Emergency fund supports MI4 research on COVID-19
The MI4 Emergency COVID-19 Research Funding (ECRF) opportunity is seeking bold and innovative proposals, spanning two broad areas of research:
- Biomedical studies focusing on the development of new diagnostic, therapeutic and preventive measures to mitigate the threat from COVID-19, and/or;
- Population health, health system and policy studies focusing on protecting at-risk communities from infection, accelerating and enhancing the impact of control measures, and minimizing the indirect consequences of the pandemic itself.
The MI4 ECRF opportunity provides one-time funding for 6-month projects that can provide immediate answers, in preparation for sustained transmission or resurgence of the pandemic after initial control.
The second round of the ECRF was launched on March 31st and deadline for application is Wednesday, April 8th at 12:00 PM.
“We launched the program on Friday March 20 at midnight and closed round one of the competition on March 27 at noon,” says Don Sheppard, the director of MI4. “We reviewed 40 proposals over the weekend and identified the projects that we thought were ready to go based on three criteria – we wanted projects that would be innovative, projects that would be feasible, and projects that would be impactful in a short time frame.
“Putting all this together in such short time was a Herculean effort,” says Sheppard, who also chairs the Department of Microbiology & Immunology and is a senior scientist at the Research Institute of the MUHC. “We had 40 groups of researchers go from zero to 60 to create these proposals and submit them to us in under a week. That’s a tremendous achievement.”
The proposals were reviewed by a team of experts that included Sylvain Baillet, the Faculty of Medicine’s associate dean, research; Tim Evans, the director and associate dean of the School of Population and Global Health in the Faculty of Medicine; Philippe Gros, McGill’s deputy vice-principal, research and innovation; and Bruce Mazer, the executive director and chief scientific officer of the Research Institute of the MUHC, among others.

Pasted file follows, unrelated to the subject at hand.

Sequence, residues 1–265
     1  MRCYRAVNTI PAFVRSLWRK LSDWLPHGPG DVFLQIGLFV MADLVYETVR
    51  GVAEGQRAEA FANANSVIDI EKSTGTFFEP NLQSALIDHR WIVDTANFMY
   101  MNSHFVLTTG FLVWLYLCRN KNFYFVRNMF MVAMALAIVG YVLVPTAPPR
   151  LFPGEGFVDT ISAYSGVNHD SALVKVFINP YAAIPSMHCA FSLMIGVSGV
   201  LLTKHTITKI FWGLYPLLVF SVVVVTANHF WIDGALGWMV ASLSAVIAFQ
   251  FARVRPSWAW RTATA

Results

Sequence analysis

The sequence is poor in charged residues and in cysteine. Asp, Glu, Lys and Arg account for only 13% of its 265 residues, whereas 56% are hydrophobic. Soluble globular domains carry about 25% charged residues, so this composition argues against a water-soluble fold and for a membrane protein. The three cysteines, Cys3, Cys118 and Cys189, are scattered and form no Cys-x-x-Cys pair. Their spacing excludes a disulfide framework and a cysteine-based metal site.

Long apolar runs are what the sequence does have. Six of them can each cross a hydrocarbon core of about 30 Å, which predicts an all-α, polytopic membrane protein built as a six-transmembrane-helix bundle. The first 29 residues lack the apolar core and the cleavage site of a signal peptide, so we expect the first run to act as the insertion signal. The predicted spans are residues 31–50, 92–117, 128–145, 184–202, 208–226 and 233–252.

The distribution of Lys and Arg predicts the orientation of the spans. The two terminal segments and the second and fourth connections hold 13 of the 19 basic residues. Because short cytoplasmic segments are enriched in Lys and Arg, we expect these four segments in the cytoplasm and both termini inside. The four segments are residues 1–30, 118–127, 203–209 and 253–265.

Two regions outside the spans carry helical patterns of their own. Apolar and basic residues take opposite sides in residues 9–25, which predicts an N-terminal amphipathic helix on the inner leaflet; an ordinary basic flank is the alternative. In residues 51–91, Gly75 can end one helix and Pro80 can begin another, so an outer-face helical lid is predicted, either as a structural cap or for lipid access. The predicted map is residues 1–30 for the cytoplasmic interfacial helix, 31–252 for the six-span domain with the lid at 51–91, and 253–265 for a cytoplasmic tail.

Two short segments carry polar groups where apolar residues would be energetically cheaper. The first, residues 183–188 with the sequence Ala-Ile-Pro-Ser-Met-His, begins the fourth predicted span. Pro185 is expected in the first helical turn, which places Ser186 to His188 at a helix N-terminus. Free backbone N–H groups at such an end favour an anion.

As countries around the world continue to struggle with the havoc caused by the COVID-19 pandemic, Sheppard says MI4 is prepared to move swiftly. In fact, MI4 researchers are already busy on a number of fronts – assessing promising treatment options, working on potential vaccines, and examining why the disease has been able to spread so quickly. The MI4 Emergency COVID-19 Research Funding program will provide funding for these and more initiatives.
“When we launched MI4 just over two years ago, this type of scenario was exactly what we had in mind,” says Sheppard. “We wanted to unite all of the research efforts that were being done on infectious diseases and immune responses across the University – on both campuses, in all of McGill’s research centres, and in all of [McGill’s teaching hospitals and their affiliate research institutes]. We wanted to be in a position to bring all of that interdisciplinary expertise to bear if we found ourselves facing this sort of pressing challenge to human health.”